I have three basic edits. I tend to get the spelling and grammar errors sorted out first (there are always some, especially if I'm writing quickly). I don't dislike doing this but it is my least favourite editing task so I am glad to get it done. I also check for context here. Spell and grammar checkers are notoriously bad for not being able to pick up on that. I see them as useful tools but a guide only. Nothing beats the human editor (and I can think of two people I know who would say "quite right too" - my editors at Chandler's Ford Today and Chapeltown Books!).
The second edit is for checking the story or article makes sense, that it is conveying what I want it to (and in the case of characters, they are coming across the way I intended. This doesn't always happen, sometimes the characters surprise me and I discover aspects to them I hadn't initially thought of but developed as I was writing the piece. I always check out where those developments go - they are almost always better than the initial idea but I have had to write myself into the character more to discover these developments!). But at the end of this edit, everything has to make sense. There must be no loose ends.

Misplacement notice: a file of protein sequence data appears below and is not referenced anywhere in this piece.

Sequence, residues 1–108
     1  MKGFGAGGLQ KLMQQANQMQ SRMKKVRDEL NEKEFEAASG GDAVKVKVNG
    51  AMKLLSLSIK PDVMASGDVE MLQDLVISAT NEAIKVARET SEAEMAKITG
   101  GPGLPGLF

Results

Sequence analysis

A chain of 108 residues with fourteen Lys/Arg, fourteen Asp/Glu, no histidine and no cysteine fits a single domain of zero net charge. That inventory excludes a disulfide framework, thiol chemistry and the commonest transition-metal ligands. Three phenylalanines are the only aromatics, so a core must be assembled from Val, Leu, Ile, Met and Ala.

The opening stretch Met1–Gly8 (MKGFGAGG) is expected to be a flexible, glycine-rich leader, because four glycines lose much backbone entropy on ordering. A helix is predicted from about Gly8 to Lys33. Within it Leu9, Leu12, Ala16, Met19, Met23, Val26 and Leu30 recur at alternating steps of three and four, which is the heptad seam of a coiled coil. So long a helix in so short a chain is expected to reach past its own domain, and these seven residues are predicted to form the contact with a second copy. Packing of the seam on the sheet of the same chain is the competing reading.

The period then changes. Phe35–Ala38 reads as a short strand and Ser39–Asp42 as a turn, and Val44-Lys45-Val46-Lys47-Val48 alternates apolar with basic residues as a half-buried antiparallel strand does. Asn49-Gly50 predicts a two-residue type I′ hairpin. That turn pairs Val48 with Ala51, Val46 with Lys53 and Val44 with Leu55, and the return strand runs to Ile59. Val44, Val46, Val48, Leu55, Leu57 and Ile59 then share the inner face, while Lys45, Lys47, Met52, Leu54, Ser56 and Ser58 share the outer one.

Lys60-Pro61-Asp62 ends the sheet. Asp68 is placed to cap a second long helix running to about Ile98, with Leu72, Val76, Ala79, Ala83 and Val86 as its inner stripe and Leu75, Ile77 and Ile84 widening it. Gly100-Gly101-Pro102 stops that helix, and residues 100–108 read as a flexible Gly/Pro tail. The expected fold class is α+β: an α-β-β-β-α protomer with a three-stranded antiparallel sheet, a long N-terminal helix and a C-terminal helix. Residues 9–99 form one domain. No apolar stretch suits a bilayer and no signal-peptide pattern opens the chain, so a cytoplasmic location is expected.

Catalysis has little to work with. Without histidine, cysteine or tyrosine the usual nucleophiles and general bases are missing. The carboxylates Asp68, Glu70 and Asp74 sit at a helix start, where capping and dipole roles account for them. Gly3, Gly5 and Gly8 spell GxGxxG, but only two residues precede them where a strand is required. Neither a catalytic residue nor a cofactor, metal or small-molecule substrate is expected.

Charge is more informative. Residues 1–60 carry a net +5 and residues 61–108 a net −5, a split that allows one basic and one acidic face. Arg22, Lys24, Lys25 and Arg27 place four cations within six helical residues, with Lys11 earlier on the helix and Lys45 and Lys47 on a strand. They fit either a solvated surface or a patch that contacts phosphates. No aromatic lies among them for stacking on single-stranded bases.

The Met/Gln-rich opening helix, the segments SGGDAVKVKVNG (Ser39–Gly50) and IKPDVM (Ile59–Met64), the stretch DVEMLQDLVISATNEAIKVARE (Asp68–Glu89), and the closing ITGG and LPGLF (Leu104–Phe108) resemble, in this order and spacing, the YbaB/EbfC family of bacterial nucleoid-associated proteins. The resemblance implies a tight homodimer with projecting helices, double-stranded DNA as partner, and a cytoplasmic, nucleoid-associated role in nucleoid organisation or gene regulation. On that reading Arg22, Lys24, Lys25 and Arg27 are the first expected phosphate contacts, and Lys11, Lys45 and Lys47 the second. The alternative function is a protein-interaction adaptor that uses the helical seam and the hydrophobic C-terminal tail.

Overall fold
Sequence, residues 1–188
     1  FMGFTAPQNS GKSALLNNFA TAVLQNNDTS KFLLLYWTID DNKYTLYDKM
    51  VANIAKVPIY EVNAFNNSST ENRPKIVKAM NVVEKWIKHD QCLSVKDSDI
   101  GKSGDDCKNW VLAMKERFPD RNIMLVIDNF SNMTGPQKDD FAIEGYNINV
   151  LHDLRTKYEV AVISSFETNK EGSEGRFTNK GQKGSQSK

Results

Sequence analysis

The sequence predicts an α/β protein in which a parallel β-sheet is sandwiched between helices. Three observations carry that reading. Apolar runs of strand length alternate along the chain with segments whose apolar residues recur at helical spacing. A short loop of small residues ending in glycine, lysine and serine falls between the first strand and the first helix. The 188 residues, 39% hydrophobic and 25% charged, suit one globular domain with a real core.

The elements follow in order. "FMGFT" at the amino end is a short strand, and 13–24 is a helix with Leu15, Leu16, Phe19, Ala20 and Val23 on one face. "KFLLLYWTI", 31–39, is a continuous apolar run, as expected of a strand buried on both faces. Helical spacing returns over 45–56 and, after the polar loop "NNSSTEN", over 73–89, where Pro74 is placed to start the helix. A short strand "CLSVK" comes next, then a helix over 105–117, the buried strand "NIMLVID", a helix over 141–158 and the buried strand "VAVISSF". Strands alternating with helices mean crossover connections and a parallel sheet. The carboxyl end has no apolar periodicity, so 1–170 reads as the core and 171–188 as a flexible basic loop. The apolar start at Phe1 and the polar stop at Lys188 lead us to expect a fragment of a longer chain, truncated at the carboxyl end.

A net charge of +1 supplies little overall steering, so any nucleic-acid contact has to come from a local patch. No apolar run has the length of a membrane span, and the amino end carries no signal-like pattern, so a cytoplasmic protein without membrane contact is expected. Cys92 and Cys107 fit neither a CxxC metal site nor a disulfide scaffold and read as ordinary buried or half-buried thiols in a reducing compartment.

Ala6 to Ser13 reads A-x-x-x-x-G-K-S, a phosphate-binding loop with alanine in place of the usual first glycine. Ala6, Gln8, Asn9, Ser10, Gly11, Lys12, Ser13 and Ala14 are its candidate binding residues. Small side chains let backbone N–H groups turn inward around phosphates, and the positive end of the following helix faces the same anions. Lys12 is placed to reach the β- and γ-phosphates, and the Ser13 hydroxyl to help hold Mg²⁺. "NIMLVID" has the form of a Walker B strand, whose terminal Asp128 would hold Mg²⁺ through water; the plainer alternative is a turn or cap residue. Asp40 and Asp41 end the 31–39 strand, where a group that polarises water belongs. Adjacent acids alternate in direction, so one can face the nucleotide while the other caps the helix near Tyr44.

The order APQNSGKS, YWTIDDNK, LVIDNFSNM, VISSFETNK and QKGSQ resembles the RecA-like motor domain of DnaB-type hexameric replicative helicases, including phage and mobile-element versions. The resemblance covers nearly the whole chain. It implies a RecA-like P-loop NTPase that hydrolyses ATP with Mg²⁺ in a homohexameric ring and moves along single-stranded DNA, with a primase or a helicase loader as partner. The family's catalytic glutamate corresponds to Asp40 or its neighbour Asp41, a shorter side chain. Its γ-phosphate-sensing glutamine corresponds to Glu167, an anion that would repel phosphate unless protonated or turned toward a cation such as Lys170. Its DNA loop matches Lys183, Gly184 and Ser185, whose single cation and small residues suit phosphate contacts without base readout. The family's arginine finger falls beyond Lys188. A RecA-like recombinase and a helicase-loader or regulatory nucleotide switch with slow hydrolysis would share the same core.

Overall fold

The third edit is "bringing it all together". This is where I check any additions to the plot/piece make sense, blend in seamlessly (so only I, and possibly my editors, will know those bits were added in and where!) and that I am happy to submit it. (This involves a final spelling/grammar check but the bulk of this was done on the first edit so this aspect here does not take long and acts as a failsafe for me to make sure I didn't miss anything).
Oh and I always, always, always edit on paper. You miss things on screen. I have no idea why it is but just know that's the case. Besides I think there is a pyschological element here in that when editing on paper, it feels like "proper editing".